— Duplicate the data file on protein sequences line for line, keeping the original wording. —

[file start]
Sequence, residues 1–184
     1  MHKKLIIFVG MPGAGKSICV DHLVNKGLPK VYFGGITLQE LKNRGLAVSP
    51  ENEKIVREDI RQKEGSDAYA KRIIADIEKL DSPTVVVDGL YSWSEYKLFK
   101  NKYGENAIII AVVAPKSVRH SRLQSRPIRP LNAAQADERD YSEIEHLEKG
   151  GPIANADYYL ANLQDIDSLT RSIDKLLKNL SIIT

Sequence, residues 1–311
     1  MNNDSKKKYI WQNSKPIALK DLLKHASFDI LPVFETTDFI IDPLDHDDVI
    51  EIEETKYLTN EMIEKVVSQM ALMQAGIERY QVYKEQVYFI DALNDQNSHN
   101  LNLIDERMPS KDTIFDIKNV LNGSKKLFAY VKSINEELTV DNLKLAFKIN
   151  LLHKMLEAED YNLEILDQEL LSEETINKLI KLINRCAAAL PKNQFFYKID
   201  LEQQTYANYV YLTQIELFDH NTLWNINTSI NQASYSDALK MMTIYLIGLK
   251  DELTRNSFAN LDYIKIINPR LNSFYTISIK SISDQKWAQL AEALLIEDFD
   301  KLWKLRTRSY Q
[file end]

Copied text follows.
Sequence, residues 1–184
     1  MHKKLIIFVG MPGAGKSICV DHLVNKGLPK VYFGGITLQE LKNRGLAVSP
    51  ENEKIVREDI RQKEGSDAYA KRIIADIEKL DSPTVVVDGL YSWSEYKLFK
   101  NKYGENAIII AVVAPKSVRH SRLQSRPIRP LNAAQADERD YSEIEHLEKG
   151  GPIANADYYL ANLQDIDSLT RSIDKLLKNL SIIT

Sequence, residues 1–311
     1  MNNDSKKKYI WQNSKPIALK DLLKHASFDI LPVFETTDFI IDPLDHDDVI
    51  EIEETKYLTN EMIEKVVSQM ALMQAGIERY QVYKEQVYFI DALNDQNSHN
   101  LNLIDERMPS KDTIFDIKNV LNGSKKLFAY VKSINEELTV DNLKLAFKIN
   151  LLHKMLEAED YNLEILDQEL LSEETINKLI KLINRCAAAL PKNQFFYKID
   201  LEQQTYANYV YLTQIELFDH NTLWNINTSI NQASYSDALK MMTIYLIGLK
   251  DELTRNSFAN LDYIKIINPR LNSFYTISIK SISDQKWAQL AEALLIEDFD
   301  KLWKLRTRSY Q